Difference between revisions of "FootFrame"
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Revision as of 19:41, 29 April 2017
The goal of this project is to develop a system of sensors that can detect and read the amount of force placed on it, each sensor will have a reading for the left and right foot respectively. We plan to do this by using force sensitive resistors to take in data that is sent to arduino, this data will be used to calculate an imbalance (calculation will take place in arduino) in the forces on each sensor, and display this imbalance for the user, we will develop an algorithm as well which will display whether this imbalance is undesirable or okay. In its final state, the project will be able to find imbalances in forces from pushing with the legs when standing or squatting. Applications for FootFrame are found in weightlifting and physical therapy, among other places.
- Jessie Korovin
- Adam Messer
- Isabel Shapiro
- Will Luer (TA)
- Detect the amount of force applied by feet on force sensitive resistors, up to 110 pounds per foot
- Be able to deliver a reading of the force from each resistor into arduino, and code a program that calculates and displays the difference between the force sensitive resistors in arduino
- Designing a foot stand that allows us to accurately and completely transmit all the force generated by feet onto the force sensitive resistors. Eight force sensors will be used to develop data (this number was chosen to support a Wheatstone bridge circuit)
- Developing an interface to show the information collected (difference in force readings between feet in LBS)
- Calibrating force resistors so they do not give inaccurate readings (can sometimes differ by 10%)
- Designing a program to deliver the reading using arduino
- Making sure the foot stands are stable and do not break, to make sure the user remains safe
- Making sure all the force is delivered onto the sensor
- Filtering data to get accurate results
- Ensuring the material that the sensor is housed in will not impact the quality of the data
- 2 SparkFun Load Cell Amplifier - HX711 [$9.95 each] https://www.sparkfun.com/products/13879?_ga=1.121117709.48925135.1486004091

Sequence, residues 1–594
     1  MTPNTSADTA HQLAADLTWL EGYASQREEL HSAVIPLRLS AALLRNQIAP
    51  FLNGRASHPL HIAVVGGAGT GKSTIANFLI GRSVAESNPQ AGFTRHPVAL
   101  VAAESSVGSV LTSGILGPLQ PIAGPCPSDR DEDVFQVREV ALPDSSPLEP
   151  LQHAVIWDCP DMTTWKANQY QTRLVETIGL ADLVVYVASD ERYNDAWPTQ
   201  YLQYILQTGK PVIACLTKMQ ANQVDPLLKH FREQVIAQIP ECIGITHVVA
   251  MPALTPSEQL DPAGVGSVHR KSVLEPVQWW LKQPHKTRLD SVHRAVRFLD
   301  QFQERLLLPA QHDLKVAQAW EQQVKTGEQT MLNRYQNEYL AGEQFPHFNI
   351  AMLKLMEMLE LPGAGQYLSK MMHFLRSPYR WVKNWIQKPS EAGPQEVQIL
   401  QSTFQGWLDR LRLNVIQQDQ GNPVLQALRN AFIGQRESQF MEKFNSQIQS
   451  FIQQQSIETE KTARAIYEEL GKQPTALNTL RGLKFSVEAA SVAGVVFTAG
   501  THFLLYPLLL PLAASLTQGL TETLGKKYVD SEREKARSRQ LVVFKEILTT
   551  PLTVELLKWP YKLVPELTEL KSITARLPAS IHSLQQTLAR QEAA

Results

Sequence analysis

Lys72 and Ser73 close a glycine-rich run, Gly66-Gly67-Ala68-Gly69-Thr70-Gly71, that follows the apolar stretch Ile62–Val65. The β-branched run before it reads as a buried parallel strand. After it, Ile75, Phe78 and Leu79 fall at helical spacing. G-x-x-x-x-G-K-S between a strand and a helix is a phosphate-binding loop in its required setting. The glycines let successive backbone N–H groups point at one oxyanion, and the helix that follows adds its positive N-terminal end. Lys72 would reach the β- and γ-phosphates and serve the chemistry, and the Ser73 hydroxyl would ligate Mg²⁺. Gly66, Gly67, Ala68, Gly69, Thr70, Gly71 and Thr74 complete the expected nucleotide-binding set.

- 2 SparkFun Load Sensor Combinator [$1.95 each] https://www.sparkfun.com/products/13878?_ga=1.52354092.48925135.1486004091
- 8 Load Sensors - 50 kg [$9.95 each] https://www.sparkfun.com/products/10245?_ga=1.9476016.48925135.1486004091
- 9V Battery Clip - [$4.29] https://www.amazon.com/Parts-Express-9V-Battery-Clip/dp/B0002ZPFU8
- 4 pack of 9V D batteries [$8.79] https://www.amazon.com/Duracell-MN-1604-Pack-MN1604/dp/B0164F986Q/ref=sr_1_3_a_it?ie=UTF8&qid=1486762819&sr=8-3&keywords=9v%2Bbattery&th=1
- Arduino (supplied by lab) [$0.00]
- Personal Computer - for display screen and power source - (supplied by group) [$0.00]
- 3D printed load sensor connects [$0.00]
- Wooden platforms and blocks from machine shop [$0.00]
The main ideas and their corresponding CAD diagrams are drawn out below. The overarching design is for two of the assemblies shown below to exist - one for each foot.
(above) An isometric view of the assembly, featuring four load sensor support blocks. The foot plate will rest evenly upon each of the four load sensors. Not included in the assembly are the four walls that will be set up around the foot plate. These walls will ensure that the foot plate does not move and therefore put more pressure on one sensor than the others. The walls were not included in the above pictures for clarity's sake.
(above) This view is a close up of the load sensor support block and a depiction of the load sensor itself, as well as the load sensor housing. The support block will be attached to the base plate with nails. The housing is two pieces which sandwich the load sensor together. Screws will be put through both pieces and into the support block in order to hold the load sensor in place. These housing pieces are 3D printed.